I want to preface this with a very important fact. Sprint used limited inventory of the Samsung Galaxy S3 to fill pre-orders. With that said I believe T-Mobile is the best value in the industry based on network performance and cost. Today the Galaxy S3 was launched and many customers were unhappy with cost compared to other carriers. In my opinion this is a non-issue. Paying extra for the phone typically results in significant savings over the life of the contract. From a business perspective I dont know if I agree considering the vast majority of customers will pay an extra thousand dollars tommorrow to save a hundred dollars today, but obviously overall value and not high subsidies is your business plan and im a customer who understands and appreciates that. My issue lye with the partial launch of the new Galaxy device today. Tmobile was the first US carrier to bring the Galaxy to market today and has not been shy about promoting it. Per your press releae it was released in 29 markets with limited availability online. There’s really no details beyond that, just limited availability. Speaking with stores it seems five Chicago stores had a few devices. Just looking online in forums it seemed like availabilty in the 29 markets was so limited that it didnt really make any sense. So why release so few devices? Why not delay the launch like the other carriers? Every single person at T-Mobile had a different anwser and nobody had a clue about the real scope of availability, they only they knew that it was limited. Thats when I saw the strategy, sprinkle a few devieces to stores building perception of a limited launch in the 29 major markets. This would help deflect from the obvious objectives which was selling most inventory to new contract customers or customers adding new lines of service via telasales or the the T-Mobile Website. Nobody that I spoke to at customer care had a clue that telesales had devices immediatly available for overnight shipping for new contracts. They were adament denying this strategy because reps I spoke to truly didnt know. A customer service rep was so certain telesales had no available stock that she transferred me over and challenged me to inform them I was a new customer so I could see what she so strongly believed. Upon transfer I asked the telesales representative when would I get the phone if I signed up for the contract today. She said i’d recieve it as soon as tommorrow(6/22), and recommended that I pay the $25 express shipping fee so that I wouldnt have to wait without a phone since my other phone would be shut off to set up service. Once I confirmed what was unbenounced to customer service I proceeded to tell telasales I was a contract customer and was trying to upgrade. I explained that when I go on T-Mobile’s site and try to upgrade it tells me the phone is not available for immediate delivery and has a anticipated delivery of 6/29, but I am allowed to complete the transcation. Whereas, if i go to Tmobile’s site and sign up as a new customer, the Galaxy S3 is available for immediate delivery with an express overnight option for next day delivery. I asked the telesales rep why nobody I spoke with at customer care or customer loyalty had any idea of this. To this she responded, “because they dont know”, she said something else and hung up. So I draw the undeniable conclusion that telesales is push inventory of devices with immediate delivery to new customers. Telesales cant do upgrades and customer care and loyalty cant access the system to order anything until the 27th. The 5 or 6 customer service reps I spoke with were really in the dark, pushing the company line with so much conviction and confidence I realized they truly didnt have a clue, and where trained well not to. They all stated T Mobile wouldnt’t only sell devices to new lines and contracts with immediate availability while having current fully upgrade eligble customers preorder, pay, and wait for a later date. They almost took offense to the idea that there company would do exactly what your doing.Use telesales and online new orders to execute strategy while having retail stores take names and numbers to call back eager customers. Customer care deals with current customers who are just as confused as customer care. To market yourself as the first carrier to have the Galaxy available in US while executing strategy through launch chaos and limited availability . I would’ve had respected if you just came out and said the main focus on the June 21st is to use limited inventory to sign eager customers on contract before other carriers have availability. Obviously you couldnt say this cause it would make you look terrible. So back to my original point, while Sprint couldve done the same thing, they decieded to use there limited inventory to fill pre-orders, while you put on a not so clever, slightly chaotic, dog and pony show. I guess know I know why T-Mobile was the only US carrier not to have pre-orders, well at least not until today for current customers. I like T-Mobile, im a business man, understand challanges, and most importantly delivering on forecast and keeping shareholders happy, but I dont like getting played, especially from decision makers who are either desperate or that discontected to play chicken with customers, by creating an ecosystem to control information, being so obvious to anyone with a clue and then using that to bolster being the first to market. Your direct competitior Sprint sending preorders, and delaying launch, basically doing the right thing. While you try to capitalize on new business, while being vague putting together this ridiculous spin makes you look awful. If I had something like that on one of my competitors I would walk right thru them and thank them on the way bye. $200 a month for 12 years without a single late payment. Im the best and most valubale customer to any contract service provider. I wouldnt have had an issue if you gave it to me straight, but Deutsche Telekom or whoever is making decisions may want to take a look at how Sprint, At&T, and Verizon are handling this launch. Theyre by no means perfect but they treating all customers the same, and they also have the IPhone to fall back on. Maybe the IPhone is why TMobile continues to lose contract customers at an alarmng rate but this kinda crap doesnt help. Know who your customers are and what they will do when you waste theyre time and disrespect theyre intelligence. Why set yourself up for a public relations nightmare with all the mobile technology, blogs, twitter? Its one thing to have a rogue rep, but these these decisons typically come down from many flights of stairs. I have no agenda or bias, but time and money are two things that are important to me. Wasting time today if this were a legit op wouldve been fine but to see the whole picture clear as day gives me a glimpse into how you operate but by far what angers me most was how accomplishing your agenda at the cost of my time was okay. For that you will be held accountable.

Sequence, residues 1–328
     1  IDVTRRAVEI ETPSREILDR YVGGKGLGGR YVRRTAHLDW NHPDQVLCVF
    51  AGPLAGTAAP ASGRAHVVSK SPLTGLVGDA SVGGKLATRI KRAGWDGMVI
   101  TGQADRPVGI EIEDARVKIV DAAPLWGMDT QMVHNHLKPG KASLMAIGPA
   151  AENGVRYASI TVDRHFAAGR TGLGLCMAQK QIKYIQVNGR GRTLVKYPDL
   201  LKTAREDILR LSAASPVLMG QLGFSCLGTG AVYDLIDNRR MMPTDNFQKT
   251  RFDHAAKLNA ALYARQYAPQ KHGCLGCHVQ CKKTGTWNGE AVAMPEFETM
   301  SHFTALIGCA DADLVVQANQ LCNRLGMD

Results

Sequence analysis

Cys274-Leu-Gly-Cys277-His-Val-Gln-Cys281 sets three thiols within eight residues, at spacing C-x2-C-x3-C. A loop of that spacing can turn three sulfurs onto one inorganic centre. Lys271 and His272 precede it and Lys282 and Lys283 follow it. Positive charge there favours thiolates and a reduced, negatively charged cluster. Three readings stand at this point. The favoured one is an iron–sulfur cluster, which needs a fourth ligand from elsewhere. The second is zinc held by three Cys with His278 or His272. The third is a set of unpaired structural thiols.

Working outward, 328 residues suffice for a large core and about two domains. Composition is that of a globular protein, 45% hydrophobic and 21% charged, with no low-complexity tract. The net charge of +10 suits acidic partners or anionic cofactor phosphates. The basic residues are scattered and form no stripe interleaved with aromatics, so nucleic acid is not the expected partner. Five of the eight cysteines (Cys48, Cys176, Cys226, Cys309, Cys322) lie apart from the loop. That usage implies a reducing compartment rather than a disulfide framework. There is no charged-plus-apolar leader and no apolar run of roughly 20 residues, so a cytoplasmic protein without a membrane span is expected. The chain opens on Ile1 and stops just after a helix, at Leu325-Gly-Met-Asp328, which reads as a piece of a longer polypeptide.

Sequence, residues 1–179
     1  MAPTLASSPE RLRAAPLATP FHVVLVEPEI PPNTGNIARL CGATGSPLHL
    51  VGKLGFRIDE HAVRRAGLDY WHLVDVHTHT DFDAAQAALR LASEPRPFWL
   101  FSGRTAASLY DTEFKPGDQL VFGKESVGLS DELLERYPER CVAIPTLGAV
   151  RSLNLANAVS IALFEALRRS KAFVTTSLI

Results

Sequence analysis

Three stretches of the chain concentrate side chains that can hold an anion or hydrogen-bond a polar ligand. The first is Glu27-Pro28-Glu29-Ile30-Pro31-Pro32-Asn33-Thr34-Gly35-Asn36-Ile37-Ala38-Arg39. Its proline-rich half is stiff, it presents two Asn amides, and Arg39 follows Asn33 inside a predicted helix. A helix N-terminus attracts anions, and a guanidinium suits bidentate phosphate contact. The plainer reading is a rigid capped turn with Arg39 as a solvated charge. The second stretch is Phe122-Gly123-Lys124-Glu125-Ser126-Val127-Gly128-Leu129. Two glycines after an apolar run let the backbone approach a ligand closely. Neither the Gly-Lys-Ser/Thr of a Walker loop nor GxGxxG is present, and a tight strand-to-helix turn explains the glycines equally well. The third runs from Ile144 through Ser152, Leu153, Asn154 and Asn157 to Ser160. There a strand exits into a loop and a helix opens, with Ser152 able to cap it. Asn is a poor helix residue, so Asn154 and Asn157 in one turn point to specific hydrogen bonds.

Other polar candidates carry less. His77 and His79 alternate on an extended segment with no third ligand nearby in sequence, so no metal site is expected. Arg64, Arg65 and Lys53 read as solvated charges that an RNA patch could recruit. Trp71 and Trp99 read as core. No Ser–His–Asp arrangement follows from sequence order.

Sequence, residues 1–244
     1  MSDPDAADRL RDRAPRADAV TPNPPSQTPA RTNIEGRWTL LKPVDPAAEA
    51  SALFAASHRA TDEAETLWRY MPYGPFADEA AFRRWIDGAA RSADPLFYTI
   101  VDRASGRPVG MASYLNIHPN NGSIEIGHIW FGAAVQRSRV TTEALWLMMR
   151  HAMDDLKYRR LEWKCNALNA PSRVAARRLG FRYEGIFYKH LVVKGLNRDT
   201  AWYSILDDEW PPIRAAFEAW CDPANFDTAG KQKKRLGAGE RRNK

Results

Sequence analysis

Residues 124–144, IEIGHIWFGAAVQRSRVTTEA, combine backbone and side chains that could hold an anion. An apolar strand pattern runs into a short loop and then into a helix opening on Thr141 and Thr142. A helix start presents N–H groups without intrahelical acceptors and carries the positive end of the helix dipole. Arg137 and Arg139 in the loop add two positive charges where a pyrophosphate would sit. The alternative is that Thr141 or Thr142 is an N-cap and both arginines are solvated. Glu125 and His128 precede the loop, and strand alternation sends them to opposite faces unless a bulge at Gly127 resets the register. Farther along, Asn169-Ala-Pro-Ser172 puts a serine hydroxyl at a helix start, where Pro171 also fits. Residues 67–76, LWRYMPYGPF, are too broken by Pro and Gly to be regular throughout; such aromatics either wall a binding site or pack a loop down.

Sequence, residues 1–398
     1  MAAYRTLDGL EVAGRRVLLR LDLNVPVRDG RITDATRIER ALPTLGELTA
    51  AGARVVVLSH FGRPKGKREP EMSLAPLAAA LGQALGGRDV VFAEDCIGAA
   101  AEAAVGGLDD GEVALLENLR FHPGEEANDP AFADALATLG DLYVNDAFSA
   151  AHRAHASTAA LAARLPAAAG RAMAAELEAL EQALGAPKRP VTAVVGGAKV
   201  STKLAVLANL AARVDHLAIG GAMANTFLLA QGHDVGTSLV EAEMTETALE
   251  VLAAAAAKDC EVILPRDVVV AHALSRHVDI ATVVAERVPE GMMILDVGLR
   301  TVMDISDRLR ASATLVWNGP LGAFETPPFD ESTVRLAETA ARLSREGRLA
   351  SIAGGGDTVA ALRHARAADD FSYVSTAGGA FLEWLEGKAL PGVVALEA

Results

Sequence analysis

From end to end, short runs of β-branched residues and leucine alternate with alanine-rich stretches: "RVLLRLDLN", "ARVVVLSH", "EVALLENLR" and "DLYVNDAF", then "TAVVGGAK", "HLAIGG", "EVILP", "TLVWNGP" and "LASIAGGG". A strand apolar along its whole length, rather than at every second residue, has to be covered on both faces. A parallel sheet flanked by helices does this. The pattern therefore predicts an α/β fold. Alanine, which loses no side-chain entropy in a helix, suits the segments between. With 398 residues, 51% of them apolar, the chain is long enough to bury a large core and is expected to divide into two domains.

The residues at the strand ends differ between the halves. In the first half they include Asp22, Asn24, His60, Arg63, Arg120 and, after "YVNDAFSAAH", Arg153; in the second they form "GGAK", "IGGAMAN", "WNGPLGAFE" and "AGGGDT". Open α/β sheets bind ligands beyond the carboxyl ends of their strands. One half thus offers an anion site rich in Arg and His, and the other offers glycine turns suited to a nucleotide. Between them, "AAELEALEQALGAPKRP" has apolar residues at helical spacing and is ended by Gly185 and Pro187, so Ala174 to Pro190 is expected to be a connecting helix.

Oh and I also recorded every call today with the voice recorder reccommended to me by one of the preinstalled bloatware apps on my T-Moblie Samsung Galaxy S2 4g Smartphone on Americas Largest 4G Network. For training purposes of course.